One of the successful developments in the teaching aged care facilities program has been the inter-professional learning activities which commenced in 2013.  From our point of view, the inter-professional engagement between medical, nursing, and paramedic students during their placements brought a range of benefits to our organisation, our staff and residents. Specific benefits included collaborative decision making in relation to individual residents with complex health needs, meaningful engagement with a range of QVH staff in the review of residents and their health histories, and opportunities for students to contribute to improved resident care.

Increasingly our staff are managing the care of residents with higher acuity, complex care needs and greater comorbidities. There is a need for new job roles and a need to expand the knowledge base and competence of the vast majority of our workforce, namely our carers. The majority of interactions with these health students sits with the carers who assist them in understanding the context of the care of our residents. We believe these interactions provide a platform for staff to consider a career pathway in aged care in a way they may not have done so previously. The increasing number of carer staff undertaking further education and returning to QVH on completion of studies as enrolled nurses, registered nurses or honours students is evidence of this change.

A further example of our commitment, this year each manager and a significant number of their staff have committed to undertaking education in dementia in the acknowledgement that this will improve their understanding of the disease process and directly impact on the care provided to residents.  This program of engagement with further education and training is part of an overarching plan to grow and develop our existing workforce as well as proving to assist in the recruitment of  highly motivated and suitable staff.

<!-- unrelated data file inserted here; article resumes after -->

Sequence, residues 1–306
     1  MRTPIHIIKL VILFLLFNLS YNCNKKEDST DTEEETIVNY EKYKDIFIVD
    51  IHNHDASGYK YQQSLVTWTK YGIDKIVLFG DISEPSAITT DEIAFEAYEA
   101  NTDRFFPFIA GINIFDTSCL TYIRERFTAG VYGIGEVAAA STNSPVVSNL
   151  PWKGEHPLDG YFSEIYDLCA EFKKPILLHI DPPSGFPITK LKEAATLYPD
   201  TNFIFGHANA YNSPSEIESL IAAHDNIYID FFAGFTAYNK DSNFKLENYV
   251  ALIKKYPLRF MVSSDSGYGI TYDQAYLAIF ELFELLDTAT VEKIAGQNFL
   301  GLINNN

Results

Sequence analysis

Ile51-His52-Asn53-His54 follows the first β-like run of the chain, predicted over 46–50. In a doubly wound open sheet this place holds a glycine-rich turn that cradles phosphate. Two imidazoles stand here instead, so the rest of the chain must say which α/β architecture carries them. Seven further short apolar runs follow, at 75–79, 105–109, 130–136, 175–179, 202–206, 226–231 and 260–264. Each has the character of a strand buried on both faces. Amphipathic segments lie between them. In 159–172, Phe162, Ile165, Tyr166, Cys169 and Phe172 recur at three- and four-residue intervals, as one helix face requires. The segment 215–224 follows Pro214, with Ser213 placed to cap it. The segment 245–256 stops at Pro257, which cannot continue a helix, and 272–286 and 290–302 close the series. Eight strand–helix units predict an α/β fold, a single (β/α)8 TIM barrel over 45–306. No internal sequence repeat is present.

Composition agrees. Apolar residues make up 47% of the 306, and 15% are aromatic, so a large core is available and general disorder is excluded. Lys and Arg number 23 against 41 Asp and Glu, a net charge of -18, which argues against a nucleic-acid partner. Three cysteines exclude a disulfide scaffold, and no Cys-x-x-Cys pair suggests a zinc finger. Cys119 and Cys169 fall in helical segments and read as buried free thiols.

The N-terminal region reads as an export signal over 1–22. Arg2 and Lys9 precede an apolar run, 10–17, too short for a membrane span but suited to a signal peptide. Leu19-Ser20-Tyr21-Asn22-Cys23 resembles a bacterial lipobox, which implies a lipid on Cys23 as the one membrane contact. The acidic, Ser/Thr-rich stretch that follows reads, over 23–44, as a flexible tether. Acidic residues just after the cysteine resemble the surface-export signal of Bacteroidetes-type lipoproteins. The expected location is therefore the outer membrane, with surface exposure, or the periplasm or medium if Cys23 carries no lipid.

Change, change and more change – How do the revised Training Packages help frame your future workforce?

Dorothy Rao, Community Services and Health Industry Council

 

Abstract

  • Findings from 3 years of public and targeted consultations – use this to plan your recruitment, succession and development strategies
  • Why training hasn’t delivered in the past?
  • How much can the training package safeguard against poor quality training and assessment outcomes?
  • Reconciling the expectations of all parties and moving forward.
  • What industry needs to do to demand better quality training outcomes.
  • How to use the RTO as one of your departments:
    • communicating with RTOs on how qualifications, electives and skills sets tie in with recruitment and succession planning and workforce development needs
    • involving RTOs in recruitment strategies
    • collaborating on training and assessment that reflects organisational standards and protocols
    • providing meaningful work placement opportunities
  • Successful workforce development outcomes in community sector

Why the topic will be of interest to conference participants:

With so much community sector and VET reform industry needs support to set and meet changing goals.  As demands for services rise so too do workforce planning and development requirements.  It will be useful for industry to see how they can have more control over how training outcomes deliver and develop their workforce.

Sustainable Volunteering – Planning and Supporting Our Volunteer Workforce

Adrienne Picone, Courtney Webber

 

Abstract

When we consider preparing and supporting workforces, our first thought turns to paid employees. However for Tasmania, a sustainable workforce needs to give consideration to sustainable volunteering: how to ensure that you attract the ‘right’ volunteers for your organisation, adapt to Tasmania’s demographic challenges.